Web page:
Friday, December 20, 2019

Sarbanes Oxley - 1476 Words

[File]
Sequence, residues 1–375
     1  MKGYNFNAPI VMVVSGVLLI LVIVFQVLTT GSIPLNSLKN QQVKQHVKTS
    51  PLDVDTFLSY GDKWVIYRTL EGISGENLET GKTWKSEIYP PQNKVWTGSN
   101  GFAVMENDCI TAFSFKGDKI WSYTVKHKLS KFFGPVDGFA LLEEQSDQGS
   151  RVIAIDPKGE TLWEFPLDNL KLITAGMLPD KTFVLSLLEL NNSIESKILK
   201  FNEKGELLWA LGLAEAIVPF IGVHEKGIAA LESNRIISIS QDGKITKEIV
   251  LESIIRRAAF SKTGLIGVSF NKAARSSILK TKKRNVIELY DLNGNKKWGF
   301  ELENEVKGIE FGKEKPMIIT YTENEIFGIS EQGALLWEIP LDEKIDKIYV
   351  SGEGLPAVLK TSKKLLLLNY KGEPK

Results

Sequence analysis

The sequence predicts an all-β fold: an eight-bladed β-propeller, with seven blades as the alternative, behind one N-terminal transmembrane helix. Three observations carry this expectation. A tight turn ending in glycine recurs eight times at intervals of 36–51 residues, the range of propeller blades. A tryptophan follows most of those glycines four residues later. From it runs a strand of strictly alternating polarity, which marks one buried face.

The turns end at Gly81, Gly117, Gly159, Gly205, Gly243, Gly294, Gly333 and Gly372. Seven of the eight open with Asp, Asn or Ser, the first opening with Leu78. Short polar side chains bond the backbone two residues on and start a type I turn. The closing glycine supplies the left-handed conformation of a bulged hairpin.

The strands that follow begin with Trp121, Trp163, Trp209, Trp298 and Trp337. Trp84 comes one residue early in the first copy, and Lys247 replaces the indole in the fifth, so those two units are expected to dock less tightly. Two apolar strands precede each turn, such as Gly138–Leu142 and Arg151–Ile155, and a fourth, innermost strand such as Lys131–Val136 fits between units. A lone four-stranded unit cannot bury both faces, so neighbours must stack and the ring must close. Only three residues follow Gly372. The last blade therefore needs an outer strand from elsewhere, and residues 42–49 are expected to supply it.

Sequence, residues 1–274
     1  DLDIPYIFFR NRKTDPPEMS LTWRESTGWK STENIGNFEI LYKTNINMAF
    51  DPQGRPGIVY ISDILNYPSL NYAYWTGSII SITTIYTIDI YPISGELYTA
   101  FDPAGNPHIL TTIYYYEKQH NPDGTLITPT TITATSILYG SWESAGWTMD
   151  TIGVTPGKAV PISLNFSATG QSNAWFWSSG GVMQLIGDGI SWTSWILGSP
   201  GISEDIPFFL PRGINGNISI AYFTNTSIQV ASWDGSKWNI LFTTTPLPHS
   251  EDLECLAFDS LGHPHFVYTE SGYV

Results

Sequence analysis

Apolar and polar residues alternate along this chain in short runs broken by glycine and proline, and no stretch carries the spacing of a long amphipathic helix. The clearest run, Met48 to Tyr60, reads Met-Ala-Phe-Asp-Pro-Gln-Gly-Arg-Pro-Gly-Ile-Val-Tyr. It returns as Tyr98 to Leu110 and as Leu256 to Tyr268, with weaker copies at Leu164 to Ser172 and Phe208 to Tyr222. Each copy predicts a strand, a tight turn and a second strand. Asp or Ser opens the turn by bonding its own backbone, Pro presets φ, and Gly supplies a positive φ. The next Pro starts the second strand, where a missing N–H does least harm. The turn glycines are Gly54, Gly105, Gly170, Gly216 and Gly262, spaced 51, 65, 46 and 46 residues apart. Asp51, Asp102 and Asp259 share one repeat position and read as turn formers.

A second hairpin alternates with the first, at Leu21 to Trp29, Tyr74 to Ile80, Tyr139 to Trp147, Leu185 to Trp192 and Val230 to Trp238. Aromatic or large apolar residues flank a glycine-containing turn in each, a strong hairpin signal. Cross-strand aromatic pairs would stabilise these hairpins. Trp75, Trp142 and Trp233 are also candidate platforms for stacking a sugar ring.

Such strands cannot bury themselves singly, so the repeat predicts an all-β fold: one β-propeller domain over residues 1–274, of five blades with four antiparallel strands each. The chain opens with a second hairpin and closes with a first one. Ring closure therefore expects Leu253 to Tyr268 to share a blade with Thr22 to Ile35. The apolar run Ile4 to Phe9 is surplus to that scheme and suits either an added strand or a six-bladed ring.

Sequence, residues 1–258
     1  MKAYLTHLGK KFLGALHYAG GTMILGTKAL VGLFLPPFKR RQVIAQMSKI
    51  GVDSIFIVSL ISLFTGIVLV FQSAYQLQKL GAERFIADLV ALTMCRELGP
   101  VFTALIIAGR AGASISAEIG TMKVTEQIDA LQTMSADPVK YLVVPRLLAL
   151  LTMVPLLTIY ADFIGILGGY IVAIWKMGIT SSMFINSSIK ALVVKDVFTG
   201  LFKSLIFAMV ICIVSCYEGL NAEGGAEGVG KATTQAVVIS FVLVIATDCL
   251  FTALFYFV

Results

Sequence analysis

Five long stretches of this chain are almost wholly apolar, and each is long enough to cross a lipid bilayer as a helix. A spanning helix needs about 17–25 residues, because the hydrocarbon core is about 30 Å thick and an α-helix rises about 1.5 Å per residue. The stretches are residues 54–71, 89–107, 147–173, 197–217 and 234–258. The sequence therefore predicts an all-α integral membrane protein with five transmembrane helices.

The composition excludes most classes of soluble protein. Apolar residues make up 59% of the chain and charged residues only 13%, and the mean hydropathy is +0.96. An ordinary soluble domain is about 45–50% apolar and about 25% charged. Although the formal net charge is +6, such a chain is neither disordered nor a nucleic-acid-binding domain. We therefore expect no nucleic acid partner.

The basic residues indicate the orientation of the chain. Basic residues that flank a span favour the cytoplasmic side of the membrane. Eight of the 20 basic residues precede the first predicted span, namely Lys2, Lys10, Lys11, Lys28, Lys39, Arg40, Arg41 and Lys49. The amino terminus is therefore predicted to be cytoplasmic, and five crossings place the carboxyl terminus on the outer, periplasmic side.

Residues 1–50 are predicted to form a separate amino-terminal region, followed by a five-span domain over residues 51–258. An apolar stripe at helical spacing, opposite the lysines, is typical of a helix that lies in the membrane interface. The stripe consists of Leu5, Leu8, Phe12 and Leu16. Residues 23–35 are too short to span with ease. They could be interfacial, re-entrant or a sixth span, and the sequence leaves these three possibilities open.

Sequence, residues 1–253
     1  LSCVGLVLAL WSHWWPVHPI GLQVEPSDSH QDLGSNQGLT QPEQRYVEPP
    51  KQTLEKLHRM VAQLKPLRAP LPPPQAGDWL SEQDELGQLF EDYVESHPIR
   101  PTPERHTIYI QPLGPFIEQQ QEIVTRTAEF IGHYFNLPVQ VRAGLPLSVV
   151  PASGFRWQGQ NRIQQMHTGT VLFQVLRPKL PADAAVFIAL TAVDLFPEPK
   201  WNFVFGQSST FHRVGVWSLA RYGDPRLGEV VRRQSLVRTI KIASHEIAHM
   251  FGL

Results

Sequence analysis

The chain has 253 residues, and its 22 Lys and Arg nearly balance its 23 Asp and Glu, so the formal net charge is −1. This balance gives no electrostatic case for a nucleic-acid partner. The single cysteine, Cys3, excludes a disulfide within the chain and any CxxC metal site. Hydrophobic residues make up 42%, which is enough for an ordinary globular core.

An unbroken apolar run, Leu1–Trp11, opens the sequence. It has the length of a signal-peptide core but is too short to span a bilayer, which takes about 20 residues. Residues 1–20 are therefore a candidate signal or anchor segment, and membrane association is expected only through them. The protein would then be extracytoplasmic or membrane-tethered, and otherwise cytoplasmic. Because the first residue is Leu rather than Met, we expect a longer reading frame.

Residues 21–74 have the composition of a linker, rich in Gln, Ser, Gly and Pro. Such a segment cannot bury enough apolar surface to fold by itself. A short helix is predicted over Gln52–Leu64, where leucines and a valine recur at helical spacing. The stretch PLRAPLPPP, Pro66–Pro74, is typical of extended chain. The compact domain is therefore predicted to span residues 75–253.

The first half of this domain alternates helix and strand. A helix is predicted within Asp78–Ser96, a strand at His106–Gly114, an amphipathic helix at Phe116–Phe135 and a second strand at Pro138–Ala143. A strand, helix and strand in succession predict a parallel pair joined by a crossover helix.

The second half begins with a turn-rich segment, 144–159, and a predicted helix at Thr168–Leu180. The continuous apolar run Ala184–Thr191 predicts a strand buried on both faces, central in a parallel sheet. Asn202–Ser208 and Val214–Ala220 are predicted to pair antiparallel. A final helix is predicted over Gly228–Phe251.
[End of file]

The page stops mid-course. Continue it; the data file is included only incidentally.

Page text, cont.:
Financial scandals have impacted many individuals such as public companies and accounting firms. Sarbanes Oxley has made many changes to many companies. The major financial scandals have impacted many investors and required more regulations to avert this problems. Sarbanes Oxley has tried to increase ethics in the upper management in many public companies. The upper management has tried to improve on social responsibility and increase the public view. There are many critics to Sarbanes Oxley and many different suggestions on improvements. History of Sarbanes-Oxley Act Scandals of many forms shape regulations in many aspects. The Sarbanes Oxley Act was a new regulation that was initiated because of financial scandals. Tyco,†¦show more content†¦Social Responsibilities Corporate social responsibility is an organizations’ impact on society that goes beyond what is ethical. Being socially responsibility, an individual in upper management must realize how the actions might be able to influence the rest of the environment. If a company is socially responsible the company is honest, trustworthy, and display integrity while dealing with others and provides the attention to the stakeholders, build a community by searching for goals that are compatible with and respect individuals and accomplish silent triumphs. Some chief executive officers and chief financial officers had established policies in order to determine the corporate social responsibility by affecting the local community. Some individuals believe the corporate social responsibility can improve profits because it can promote respect for the company in the marketplace resulting in higher sales. A company can have corporate social responsibility in many manners such as treatment of employees, local community and increase ethical behavior within the company. If the upper management provides ethical behavior and is demonstrating to the employees and consumers it is a corporate social responsibility that is the most important. By respecting the Sarbanes-Oxley Act, the managers show the employees and the local communityShow MoreRelatedSarbanes Oxley Act1322 Words   |  6 PagesSarbanes-Oxley Act The Sarbanes-Oxley is a U.S. federal law that has generated much controversy, and involved the response to the financial scandals of some large corporations such as Enron, Tyco International, WorldCom and Peregrine Systems. These scandals brought down the public confidence in auditing and accounting firms. The law is named after Senator Paul Sarbanes Democratic Party and GOP Congressman Michael G. Oxley. It was passed by large majorities in both Congress and the Senate and coversRead MoreSarbanes Oxley Memo1410 Words   |  6 Pages August 22, 2005 SUBJECT: Sarbanes-Oxley recommendations As consultants for Ancher Public Trading (APT), Learning Team A would like to discuss the implications of the Sarbanes-Oxley (SOX) legislation. This memorandum provides a brief history of SOX ¡Ã‚ ¦s creation, explains the relationship amongst the FASB, SEC and PCAOB, describes the pros and cons of SOX, assesses the impacts of SOX, and lists ethical considerations of SOX. History of SOX - the Sarbanes-Oxley Act of 2002 is legislation inRead MoreSarbanes Oxley Outline676 Words   |  3 PagesThe Ineffectiveness of the Sarbanes Oxley Act In Corporate Management and Accounting In the early 1990s, a young company named Enron was quickly moving up Fortune magazine’s chart of â€Å"America’s Most Innovative Company.† As the corporate world began to herald Enron as the next global leader in business, a dark secret loomed on the horizon of this great energy company. 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As a result of the act endorsement by the New York Stock Exchange and the Securities and Exchange Commission, among many other national overseeing committees, a number of rules and regulationsRead MoreSarbanes Oxley Act Research Paper1787 Words   |  8 Pagesï » ¿Sarbanes Oxley Act Research Project Brielle Lewis MBA 315 March 6, 2014 I. Abstract The purpose of the Sarbanes-Oxley Act is to protect investors by improving the accuracy and reliability of corporate disclosures made pursuant to the securities law, and for other purposes. (Lander, 2004) The Act created new standards for public companies and accounting firms to abide by. After multiple business failures due to fraudulent activities and embezzlement at companies such as Enron Sarbanes andRead MoreThe Implications of the Sarbanes Oxley Act on the Accounting Profession755 Words   |  4 PagesThe Implications of the Sarbanes Oxley Act on the Accounting Profession Abstract On July 30, 2002, the Sarbanes Oxley Act (also known as SOX) was signed into law by President George W. Bush. The Sarbanes Oxley Act of 2002 is a federal law that set new or improved standards for all U.S. public company boards, management and public accounting firms. Covered in the eleven titles are additional corporate board responsibilities, auditing requirements and criminal penalties. This

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